Quality of provision
Teaching and learning
Throughout the school, the good relationships between teachers and pupils are reflected in pupils' positive attitudes to learning, their self-confidence and their increasing independence. Teachers create an orderly and calm working atmosphere. Pupils respond well to this and work hard. Many lessons have a clear focus on basic skills while other lessons help pupils develop their knowledge and understanding of wider aspects of the world. Pupils say that they enjoy their lessons and are especially proud of the work they do in art. Lessons from the local artist and sports coach add considerably to pupils' learning in those areas. Teaching assistants play a valuable and skilled role in supporting pupils, especially those with learning difficulties.
Curriculum and other activities
The curriculum places good emphasis on developing pupils' personal and social skills, and makes a good contribution to their safe and healthy lifestyles. It is matched generally well to all pupils, but especially to the most able and those with learning difficulties. The school has been awarded the 'Artsmark', and provides opportunities for pupils to be involved in a range of creative activities. The curriculum is successfully enhanced by a good variety of educational outings, which makes learning enjoyable, allows pupils to develop their cultural awareness and provides them with stimulating real-life experiences. Since the previous inspection, there have been significant improvements in information and communication technology (ICT). More computers, better software, greater staff knowledge and timetabled use of the ICT suite have enabled pupils to become more confident and skilled in the use of computers as an aid to learning. Pupils respond eagerly to the broad range of extra-curricular activities, including opportunities to be involved in sport and drama.
Care, guidance and support
The school is a warm and friendly place where the adults know the pastoral needs of every pupil. This helps pupils achieve well. Parents are positive about the care and support given to their children. One parent said, 'The level of commitment, support and understanding of our child and her needs is excellent and beyond reproach'. Procedures for safeguarding pupils and ensuring their health and safety are robust, and contribute well to pupils' feeling of security and care. The strong partnerships with local agencies, such as Family Support, help meet the needs of the most vulnerable pupils exceptionally well. Pupils experiencing problems are quickly identified and receive very good support from school staff and family support workers. Staff are always alert to signs that any pupil might be worried or anxious, and they know what to do in these circumstances. Progress of pupils is monitored well and systems are used to identify those who are falling behind with their work and who may need extra guidance. All pupils are set challenging targets in literacy and numeracy, and, when procedures for checking progress are implemented regularly, pupils are guided well towards them.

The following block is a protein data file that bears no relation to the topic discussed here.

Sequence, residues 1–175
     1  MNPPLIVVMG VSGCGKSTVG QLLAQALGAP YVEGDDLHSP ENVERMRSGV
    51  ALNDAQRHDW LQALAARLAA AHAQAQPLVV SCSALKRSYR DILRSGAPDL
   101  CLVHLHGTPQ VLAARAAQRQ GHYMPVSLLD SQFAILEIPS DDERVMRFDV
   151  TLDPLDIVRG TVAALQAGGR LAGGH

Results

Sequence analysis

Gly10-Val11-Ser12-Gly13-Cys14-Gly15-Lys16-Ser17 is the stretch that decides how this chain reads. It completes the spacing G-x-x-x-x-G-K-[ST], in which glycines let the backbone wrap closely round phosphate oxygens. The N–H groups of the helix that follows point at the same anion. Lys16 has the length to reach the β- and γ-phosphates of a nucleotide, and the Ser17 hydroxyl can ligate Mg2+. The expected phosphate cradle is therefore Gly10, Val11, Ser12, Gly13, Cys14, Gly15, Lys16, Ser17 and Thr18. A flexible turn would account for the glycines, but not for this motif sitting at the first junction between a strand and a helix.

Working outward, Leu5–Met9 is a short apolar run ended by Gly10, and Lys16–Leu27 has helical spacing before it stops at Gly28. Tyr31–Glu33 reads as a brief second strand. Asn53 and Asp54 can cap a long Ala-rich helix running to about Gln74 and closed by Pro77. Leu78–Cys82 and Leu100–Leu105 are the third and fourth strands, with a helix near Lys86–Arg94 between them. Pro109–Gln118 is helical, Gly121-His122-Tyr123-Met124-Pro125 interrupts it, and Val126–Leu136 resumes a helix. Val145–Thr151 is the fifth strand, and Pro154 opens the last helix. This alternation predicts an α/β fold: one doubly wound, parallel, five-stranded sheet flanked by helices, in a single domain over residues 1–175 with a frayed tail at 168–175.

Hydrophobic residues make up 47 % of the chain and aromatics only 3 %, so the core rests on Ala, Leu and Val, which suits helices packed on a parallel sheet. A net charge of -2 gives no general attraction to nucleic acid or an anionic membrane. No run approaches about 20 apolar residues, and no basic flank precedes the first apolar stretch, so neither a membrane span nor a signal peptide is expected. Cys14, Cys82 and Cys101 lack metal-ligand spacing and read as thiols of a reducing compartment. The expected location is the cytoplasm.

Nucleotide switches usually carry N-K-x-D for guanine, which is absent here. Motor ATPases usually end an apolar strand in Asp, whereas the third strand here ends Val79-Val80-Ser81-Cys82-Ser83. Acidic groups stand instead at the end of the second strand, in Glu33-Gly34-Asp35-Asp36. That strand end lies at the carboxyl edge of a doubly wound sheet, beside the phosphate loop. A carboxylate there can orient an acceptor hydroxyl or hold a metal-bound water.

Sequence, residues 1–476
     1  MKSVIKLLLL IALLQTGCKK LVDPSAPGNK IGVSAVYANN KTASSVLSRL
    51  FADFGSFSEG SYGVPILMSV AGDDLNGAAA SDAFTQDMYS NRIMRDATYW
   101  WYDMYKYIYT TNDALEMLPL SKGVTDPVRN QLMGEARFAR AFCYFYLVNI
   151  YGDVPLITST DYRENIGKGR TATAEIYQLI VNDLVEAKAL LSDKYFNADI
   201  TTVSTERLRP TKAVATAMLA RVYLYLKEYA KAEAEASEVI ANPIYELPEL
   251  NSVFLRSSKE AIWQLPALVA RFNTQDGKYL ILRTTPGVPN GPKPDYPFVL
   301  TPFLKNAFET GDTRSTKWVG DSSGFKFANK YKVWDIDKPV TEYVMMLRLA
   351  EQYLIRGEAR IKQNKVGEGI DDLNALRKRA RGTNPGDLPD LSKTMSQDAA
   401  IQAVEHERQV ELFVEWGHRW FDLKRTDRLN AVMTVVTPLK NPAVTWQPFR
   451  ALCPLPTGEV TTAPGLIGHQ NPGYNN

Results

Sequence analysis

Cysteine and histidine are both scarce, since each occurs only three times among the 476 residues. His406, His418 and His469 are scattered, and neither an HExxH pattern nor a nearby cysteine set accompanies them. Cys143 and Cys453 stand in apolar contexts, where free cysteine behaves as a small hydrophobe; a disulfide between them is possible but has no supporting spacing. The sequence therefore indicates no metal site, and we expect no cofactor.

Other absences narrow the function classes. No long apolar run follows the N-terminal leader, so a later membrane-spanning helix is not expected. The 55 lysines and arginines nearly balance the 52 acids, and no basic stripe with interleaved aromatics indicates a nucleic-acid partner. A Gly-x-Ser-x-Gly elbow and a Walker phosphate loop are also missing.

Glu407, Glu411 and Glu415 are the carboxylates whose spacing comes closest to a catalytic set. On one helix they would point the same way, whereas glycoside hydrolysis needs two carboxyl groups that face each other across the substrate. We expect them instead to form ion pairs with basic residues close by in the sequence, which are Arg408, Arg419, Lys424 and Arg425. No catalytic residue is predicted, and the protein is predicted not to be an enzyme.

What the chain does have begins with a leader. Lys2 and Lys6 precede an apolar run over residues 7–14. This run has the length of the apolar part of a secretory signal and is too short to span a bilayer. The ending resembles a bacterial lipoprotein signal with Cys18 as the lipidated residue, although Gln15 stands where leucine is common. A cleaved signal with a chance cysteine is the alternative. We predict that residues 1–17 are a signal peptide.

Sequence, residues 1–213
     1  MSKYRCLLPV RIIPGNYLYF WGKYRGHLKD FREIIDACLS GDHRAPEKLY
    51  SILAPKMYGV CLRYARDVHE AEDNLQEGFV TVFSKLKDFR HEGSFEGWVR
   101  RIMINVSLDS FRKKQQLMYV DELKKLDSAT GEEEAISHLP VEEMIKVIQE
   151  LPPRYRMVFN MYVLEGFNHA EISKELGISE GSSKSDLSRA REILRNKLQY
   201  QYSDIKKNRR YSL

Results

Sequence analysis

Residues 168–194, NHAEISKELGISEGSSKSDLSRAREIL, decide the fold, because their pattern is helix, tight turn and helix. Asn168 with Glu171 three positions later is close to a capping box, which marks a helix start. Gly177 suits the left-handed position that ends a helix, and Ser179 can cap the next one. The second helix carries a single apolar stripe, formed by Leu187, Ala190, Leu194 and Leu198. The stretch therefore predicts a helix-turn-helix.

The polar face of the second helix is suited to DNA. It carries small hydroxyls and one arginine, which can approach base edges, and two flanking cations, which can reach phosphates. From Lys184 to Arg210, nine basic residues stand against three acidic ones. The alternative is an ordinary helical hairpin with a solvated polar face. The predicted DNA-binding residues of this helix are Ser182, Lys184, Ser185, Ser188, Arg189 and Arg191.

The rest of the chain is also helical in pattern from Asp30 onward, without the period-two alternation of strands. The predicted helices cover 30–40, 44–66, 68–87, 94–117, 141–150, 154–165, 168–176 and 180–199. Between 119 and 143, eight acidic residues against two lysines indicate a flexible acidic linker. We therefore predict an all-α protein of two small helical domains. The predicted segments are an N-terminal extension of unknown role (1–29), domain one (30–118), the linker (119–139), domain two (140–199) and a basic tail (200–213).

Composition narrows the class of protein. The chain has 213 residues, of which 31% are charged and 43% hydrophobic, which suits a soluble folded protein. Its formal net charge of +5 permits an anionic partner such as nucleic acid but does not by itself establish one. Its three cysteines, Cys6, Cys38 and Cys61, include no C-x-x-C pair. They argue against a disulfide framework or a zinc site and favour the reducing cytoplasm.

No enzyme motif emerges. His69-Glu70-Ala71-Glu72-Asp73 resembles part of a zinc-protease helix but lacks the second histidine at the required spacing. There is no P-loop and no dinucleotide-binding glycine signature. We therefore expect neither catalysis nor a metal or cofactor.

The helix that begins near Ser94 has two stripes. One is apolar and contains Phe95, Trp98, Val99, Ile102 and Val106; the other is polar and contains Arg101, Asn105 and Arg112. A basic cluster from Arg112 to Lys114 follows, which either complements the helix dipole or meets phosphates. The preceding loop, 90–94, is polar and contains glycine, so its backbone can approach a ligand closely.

Leadership and management
The acting headteacher has maintained the strong teamwork, the caring approach from all staff and the drive for improvement. The school has an accurate view of its strengths and areas for development, has analysed the most recent test results well and knows accurately why there was a slight dip in standards in 2007. The systems for monitoring pupils' progress are good and are used very well to provide support for pupils who are falling behind with their work. However, on some occasions the data is not used carefully enough to inform the leadership of progress made by the different classes or groups of pupils. Subject co-ordinators lead staff training and assist where necessary. They provide good support and monitor some aspects of their subject, but this is not always carried out in a systematic way. Although lesson observations and analysis of pupils' work take place, they are sometimes not recorded and the improvement stemming from them is limited. Governors are very knowledgeable about the school, are proud of its achievements and take immediate action when necessary. They support and challenge the school very well, and are involved in all aspects of school self-evaluation.